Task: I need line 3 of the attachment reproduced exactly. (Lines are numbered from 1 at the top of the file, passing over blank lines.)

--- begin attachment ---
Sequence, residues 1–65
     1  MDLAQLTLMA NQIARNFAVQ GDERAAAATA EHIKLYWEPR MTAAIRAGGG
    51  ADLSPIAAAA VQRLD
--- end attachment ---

    51  ADLSPIAAAA VQRLD